King of Prussia

Transmissions from the Grand Strand

by Zachary Houle

2 May 2012

Transmissions is an easy, pleasing album on the ears, and despite losing its footing here and there, the three years or so of effort on whipping this material into shape comes off in spades.
Photo: Joe Nagle 

A Long Time Coming

cover art

King of Prussia

Transmissions from the Grand Strand

(Self-released)
US: 17 Apr 2012
UK: Import

King of Prussia took a rather circuitous route to recording and releasing their full-length sophomore album, Transmissions from the Grand Strand. Originally based in Athens, Georgia – home to the likes of R.E.M. and the Olivia Tremor Control, among others – the band was basically the brainchild of Brandon Hanick and Trey McManus, the latter of whom has seemingly since left the group. (The press release that accompanied my digital copy of the album doesn’t mention him as a core member.) They recorded the songs that made up their 2007 debut, Save the Scene, on a Boss BR-1180 Digital Recording Studio, a portable multi-track recording rig, and then fleshed out the band with extra players for going on tour. They signed with Athens’ Kindercore Records, and all seemed peachy keen. Well, it took a long time for the group to follow up their initial effort. The sessions for Transmissions from the Grand Strand started rolling in August 2009 at a proper recording studio for the first time, Sea Note Recording in Myrtle Beach, South Carolina (the principal city of the Southern Atlantic coastal region known as “The Grand Strand”), and, well, the band tinkered. And tinkered. And tinkered. For almost three years. They had to go to fans via Kickstarter to raise $3,500 to put the finishing touches on the record, and, somewhere in all of this (2008 to be precise), Hanick had moved to Barcelona, picked up more band members, toured around Europe, and added more and more flourishes to Transmissions while overseas. In late 2011, Hanick returned to the U.S., the band set up shop in an old church in Chicago that had been converted into a house, and basically got out of their Kindercore contract, which means that they’re going at it alone for Transmissions in terms of releasing the physical product. What’s more, there are 16 members that play on the album from five different countries. And that’s the basic backstory. Whew! That’s enough to tucker out any indie pop fan.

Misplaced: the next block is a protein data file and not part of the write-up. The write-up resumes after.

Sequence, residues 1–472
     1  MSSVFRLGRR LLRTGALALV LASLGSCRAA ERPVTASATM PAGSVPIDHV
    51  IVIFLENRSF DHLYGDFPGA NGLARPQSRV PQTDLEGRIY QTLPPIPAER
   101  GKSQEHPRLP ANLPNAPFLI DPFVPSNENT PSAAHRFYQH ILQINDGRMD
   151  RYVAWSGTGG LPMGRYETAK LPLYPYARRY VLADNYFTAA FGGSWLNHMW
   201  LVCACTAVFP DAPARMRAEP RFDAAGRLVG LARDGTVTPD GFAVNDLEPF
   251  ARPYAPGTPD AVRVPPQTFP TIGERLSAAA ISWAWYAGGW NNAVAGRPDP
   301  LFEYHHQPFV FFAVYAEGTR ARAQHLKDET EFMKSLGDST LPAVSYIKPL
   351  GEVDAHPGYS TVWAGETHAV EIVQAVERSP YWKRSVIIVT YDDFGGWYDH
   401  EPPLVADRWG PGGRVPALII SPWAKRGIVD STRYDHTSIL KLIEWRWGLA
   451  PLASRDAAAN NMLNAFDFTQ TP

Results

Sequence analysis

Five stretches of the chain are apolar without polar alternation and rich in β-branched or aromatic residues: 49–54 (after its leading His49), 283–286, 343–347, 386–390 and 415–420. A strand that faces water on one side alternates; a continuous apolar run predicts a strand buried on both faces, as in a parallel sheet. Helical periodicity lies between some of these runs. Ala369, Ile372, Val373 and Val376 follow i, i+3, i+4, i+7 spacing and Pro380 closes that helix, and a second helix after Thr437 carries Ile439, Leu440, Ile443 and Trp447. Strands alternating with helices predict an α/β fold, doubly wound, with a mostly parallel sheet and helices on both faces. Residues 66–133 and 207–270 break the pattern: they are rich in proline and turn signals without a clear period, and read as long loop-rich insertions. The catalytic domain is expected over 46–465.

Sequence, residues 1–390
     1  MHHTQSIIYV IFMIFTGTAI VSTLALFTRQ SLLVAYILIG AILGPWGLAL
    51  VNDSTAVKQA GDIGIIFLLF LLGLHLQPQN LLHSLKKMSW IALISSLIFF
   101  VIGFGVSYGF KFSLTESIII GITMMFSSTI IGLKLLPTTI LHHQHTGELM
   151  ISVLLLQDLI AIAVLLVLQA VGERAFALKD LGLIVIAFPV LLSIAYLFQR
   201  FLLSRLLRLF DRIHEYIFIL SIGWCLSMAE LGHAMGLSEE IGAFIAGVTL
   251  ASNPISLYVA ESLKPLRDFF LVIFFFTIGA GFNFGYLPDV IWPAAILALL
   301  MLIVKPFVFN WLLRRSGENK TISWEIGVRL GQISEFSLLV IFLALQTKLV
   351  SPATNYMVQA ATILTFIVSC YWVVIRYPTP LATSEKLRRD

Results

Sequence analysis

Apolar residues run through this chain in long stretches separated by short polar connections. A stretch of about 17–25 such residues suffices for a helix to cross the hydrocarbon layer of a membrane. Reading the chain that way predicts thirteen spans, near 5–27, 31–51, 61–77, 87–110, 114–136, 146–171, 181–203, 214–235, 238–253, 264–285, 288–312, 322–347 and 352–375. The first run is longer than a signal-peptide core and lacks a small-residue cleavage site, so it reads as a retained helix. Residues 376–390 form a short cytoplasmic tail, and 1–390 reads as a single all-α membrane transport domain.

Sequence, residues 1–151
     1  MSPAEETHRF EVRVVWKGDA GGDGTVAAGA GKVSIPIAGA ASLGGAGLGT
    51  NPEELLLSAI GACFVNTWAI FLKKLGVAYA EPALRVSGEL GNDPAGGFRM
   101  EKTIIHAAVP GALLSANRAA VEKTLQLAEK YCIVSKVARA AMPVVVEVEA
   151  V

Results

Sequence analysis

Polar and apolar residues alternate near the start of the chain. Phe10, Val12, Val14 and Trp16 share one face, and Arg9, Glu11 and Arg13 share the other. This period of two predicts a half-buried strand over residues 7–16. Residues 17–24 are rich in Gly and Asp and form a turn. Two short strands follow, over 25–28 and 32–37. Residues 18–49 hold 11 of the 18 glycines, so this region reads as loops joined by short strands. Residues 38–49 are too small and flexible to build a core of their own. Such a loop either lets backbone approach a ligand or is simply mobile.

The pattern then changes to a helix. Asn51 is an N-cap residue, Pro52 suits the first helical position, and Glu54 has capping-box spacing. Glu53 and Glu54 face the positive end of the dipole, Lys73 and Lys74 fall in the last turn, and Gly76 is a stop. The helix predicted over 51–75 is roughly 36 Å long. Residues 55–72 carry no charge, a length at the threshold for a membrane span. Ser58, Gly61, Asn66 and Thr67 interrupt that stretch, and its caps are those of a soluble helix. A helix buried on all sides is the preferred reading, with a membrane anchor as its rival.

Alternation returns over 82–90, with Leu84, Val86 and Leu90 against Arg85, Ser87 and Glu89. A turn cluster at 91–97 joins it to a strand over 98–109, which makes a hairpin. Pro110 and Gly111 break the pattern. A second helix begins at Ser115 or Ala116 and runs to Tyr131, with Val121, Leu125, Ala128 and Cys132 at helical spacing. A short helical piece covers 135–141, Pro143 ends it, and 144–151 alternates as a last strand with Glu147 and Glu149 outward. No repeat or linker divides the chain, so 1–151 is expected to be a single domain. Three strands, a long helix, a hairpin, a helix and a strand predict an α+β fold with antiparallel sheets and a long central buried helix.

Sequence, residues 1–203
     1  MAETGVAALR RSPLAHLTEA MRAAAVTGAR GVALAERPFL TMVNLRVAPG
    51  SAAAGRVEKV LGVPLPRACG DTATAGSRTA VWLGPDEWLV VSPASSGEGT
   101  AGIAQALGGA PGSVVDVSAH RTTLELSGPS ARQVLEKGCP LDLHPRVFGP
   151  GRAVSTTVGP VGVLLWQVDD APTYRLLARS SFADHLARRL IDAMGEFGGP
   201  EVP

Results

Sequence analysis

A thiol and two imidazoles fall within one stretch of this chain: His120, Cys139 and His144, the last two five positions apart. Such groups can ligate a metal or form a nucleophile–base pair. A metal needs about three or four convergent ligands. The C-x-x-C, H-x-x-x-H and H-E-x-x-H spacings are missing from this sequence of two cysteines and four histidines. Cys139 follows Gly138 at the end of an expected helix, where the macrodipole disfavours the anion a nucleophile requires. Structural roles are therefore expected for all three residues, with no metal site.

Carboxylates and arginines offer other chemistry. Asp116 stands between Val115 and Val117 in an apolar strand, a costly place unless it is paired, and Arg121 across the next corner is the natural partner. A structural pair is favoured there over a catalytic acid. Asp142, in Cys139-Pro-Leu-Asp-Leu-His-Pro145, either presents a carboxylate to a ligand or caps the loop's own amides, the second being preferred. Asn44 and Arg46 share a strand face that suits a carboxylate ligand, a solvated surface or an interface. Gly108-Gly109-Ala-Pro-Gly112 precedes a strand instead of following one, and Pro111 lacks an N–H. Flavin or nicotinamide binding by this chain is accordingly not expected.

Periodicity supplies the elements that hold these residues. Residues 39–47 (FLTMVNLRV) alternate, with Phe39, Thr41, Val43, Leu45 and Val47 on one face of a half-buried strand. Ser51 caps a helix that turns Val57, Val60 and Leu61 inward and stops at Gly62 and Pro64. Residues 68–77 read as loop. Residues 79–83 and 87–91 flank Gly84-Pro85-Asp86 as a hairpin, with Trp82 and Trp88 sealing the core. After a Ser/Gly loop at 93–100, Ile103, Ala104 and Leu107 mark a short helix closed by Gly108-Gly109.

If you think that sounds like Hanick and company basically set off to make their own indie pop version of SMiLE, well, you wouldn’t be far off the mark, though Transmissions doesn’t share the fractured pop sensibility of that Beach Boys album. Transmissions bears all of the hallmarks of an album that has been fussed over, though: the instrumentation is layered, the songs feel that they’ve been sculpted, and, through it all, songwriter and singer Hanick makes each note count. The sound is alternately a throwback to ‘60s baroque pop with slight touches of ‘80s twee, but doesn’t seem particularly rooted to a certain time or place. That’s what makes Transmissions a thoroughly enjoyable affair: these certainly are teenage symphonies to God in their own peculiar way. While the band does cave in to the odd indulgence, and sometimes tip-toes down a path that might have been better undiscovered, you’d have to really reach to say something outlandishly horrible about the end result. It’s a light, breezy disc – you can practically smell the sea salt from the Atlantic wafting over the gallant melodies – and it is a perfect summery soundtrack that calls to mind, a little bit, the work of such British bands as the Clientele had they’d been filtered through Elephant 6 collective bands such as the Ladybug Transistor. There are a handful of great pop gems, a few instrumentals, and a six-minute celebratory rave up to end the proceedings (complete with congratulatory applause at the very end, as though King of Prussia finally realized that they’d come to the very end of an extremely long and taxing process and needed to acknowledge it on tape).